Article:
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Leonard Mann attended Moreland State School before winning a scholarship to Wesley College. Mann left school at sixteen to work as a clerk in the Defence Department and began reading for the Bar. He served in the 39th Battalion, 1st AIF during World War I, experiencing four years of trench warfare before returning to Melbourne to complete his law degree at the University of Melbourne. For most of the 1930s he was Secretary of the Employers' Federation, then held a senior position in the aircraft industry during World War II. After retiring, Mann kept a small farm in the Dandenong Ranges and later moved to coastal Inverloch in South Gippsland.
Mann is most admired for Flesh in Armour (1932), hailed as one of Australia's best novels of the soldier's experience of World War I. Initially Mann could not attract a publisher and arranged for private publication, but following the novel's critical success, he found it easier to attract publishers. In the next forty years Mann published seven novels, of which A Murder in Sydney (1937) and The Go-Getter (1942) became the best-known. Among other themes, Mann's fiction explores the struggles of small communities, the attraction of corruption during the Depression and the plight of Aborigines. While largely remembered for his fiction, Mann also published four volumes of poetry, winning the Grace Leven Prize for Elegiac and Other Poems (1957).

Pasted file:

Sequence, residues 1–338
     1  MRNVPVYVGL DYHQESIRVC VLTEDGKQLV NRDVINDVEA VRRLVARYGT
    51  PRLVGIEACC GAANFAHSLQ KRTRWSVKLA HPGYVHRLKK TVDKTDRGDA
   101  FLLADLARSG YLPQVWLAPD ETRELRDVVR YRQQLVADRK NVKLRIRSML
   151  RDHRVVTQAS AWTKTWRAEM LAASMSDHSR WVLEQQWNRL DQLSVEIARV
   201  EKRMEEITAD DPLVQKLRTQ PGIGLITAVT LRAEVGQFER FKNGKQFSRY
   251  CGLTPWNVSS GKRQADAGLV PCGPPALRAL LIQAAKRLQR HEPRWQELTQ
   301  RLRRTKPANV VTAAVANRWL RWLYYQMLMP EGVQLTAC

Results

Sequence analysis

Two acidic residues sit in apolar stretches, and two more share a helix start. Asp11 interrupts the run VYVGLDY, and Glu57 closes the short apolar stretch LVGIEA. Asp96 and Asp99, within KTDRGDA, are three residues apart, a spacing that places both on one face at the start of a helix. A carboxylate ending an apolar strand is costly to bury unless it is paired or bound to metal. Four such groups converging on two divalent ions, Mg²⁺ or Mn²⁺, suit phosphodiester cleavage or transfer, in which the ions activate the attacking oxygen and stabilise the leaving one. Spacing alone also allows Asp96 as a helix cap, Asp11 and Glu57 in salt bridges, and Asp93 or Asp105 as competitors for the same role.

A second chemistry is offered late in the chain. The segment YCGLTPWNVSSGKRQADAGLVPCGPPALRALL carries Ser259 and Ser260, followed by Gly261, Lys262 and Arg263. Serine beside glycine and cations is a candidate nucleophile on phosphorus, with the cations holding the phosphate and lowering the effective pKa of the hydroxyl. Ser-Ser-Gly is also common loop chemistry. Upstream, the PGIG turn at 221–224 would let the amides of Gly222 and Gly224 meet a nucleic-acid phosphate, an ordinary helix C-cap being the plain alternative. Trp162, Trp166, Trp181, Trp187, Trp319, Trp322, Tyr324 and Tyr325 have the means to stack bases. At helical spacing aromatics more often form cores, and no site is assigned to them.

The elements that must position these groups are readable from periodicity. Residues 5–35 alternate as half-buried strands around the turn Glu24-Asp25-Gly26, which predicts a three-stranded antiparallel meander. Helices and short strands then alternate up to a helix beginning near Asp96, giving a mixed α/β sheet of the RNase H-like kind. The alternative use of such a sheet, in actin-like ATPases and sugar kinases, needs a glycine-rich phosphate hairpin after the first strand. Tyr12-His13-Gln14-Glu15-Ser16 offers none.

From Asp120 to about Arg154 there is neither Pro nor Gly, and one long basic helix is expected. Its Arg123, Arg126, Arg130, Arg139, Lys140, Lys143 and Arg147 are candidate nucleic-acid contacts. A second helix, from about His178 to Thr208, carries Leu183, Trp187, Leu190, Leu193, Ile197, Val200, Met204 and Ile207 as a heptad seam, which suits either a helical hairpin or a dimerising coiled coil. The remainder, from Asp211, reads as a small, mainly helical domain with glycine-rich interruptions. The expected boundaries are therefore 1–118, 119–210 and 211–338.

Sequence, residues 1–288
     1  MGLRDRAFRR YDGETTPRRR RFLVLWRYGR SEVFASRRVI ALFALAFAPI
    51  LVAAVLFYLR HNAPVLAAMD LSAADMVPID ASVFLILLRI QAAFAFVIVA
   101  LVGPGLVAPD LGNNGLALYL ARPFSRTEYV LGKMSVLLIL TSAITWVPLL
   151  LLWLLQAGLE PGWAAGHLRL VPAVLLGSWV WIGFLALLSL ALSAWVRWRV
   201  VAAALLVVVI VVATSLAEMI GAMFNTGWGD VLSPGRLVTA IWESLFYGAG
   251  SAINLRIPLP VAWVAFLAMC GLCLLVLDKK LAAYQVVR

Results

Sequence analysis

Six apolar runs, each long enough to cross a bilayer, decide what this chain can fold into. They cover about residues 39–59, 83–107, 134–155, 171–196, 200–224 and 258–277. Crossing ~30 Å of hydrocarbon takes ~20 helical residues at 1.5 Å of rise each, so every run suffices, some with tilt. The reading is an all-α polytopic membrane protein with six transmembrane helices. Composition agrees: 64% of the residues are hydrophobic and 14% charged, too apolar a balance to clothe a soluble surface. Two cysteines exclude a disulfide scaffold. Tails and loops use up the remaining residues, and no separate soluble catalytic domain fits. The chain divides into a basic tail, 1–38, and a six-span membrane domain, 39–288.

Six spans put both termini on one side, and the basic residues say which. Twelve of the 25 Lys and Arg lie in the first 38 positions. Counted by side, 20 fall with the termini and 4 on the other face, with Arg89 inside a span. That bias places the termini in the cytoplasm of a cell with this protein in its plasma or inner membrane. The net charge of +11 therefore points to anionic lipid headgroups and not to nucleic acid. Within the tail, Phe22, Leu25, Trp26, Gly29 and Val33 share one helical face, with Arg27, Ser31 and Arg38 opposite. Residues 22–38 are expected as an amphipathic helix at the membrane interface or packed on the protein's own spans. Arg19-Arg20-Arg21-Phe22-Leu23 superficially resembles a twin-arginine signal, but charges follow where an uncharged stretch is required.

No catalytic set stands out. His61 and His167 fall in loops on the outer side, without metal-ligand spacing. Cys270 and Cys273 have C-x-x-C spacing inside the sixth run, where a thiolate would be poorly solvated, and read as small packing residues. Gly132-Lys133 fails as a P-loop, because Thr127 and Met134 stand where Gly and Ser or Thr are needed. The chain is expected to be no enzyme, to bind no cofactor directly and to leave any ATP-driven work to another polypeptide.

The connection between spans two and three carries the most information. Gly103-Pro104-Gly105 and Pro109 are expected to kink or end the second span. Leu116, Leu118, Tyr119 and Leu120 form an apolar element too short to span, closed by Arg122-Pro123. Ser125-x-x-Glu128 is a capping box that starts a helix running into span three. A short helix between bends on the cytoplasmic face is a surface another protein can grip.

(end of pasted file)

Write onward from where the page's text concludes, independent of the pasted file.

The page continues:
The autobiographical piece, 'A Double Life', written for the 'Australian Writers in Profile' series (Southerly vol. 29 no. 3, 1969), is a thoughtful account of a man who combined a life in industry with a literary life. After the death of his wife in 1976, Mann returned to the Dandenongs to live with his daughter. He died there in 1981.
'Leonard Mann privately published his first novel, Flesh in Armour, in Melbourne in 1932, after he was unable to place it with a publisher in Australia or England. The novel was an immediate success, and Mann was subsequently awarded the Australian Literature Society's gold medal for outstanding book of the year. The book's merits then established, it was republished in England and Australia in 1944.
Drawn in part from the author's combat experience in France during World War I, Flesh in Armour is an exploration of the lives of soldiers in the Australian Imperial Force from the Ypres campaign in 1917 until just before the Armistice. The novel follows the actions and evolving attitudes of three soldiers in the same battalion—a naive and handsome raw recruit eager for combat, a schoolteacher whose intellect and anxiety have led to disillusionment, and a courageous warrior-hero who remains undaunted by battle despite being wounded.The novel bears an unmistakable Australian point of view, particularly in its wry sense of humor in spite of the dark subject matter and in its vehement disdain for British commanders.
Nearly 420,000 Australians enlisted during World War I, and more than half were killed, wounded, or captured. The conflict was the most costly in Australia's history. In the fates of his protagonists—one dies valiantly, one dies in an abject and mentally unhinged state, one survives—Mann pays tribute to the sacrifices of his countrymen and reminds readers of the unforgiving test of character found in war then and now. ' (University of South Carolina Press website sighted July 2010)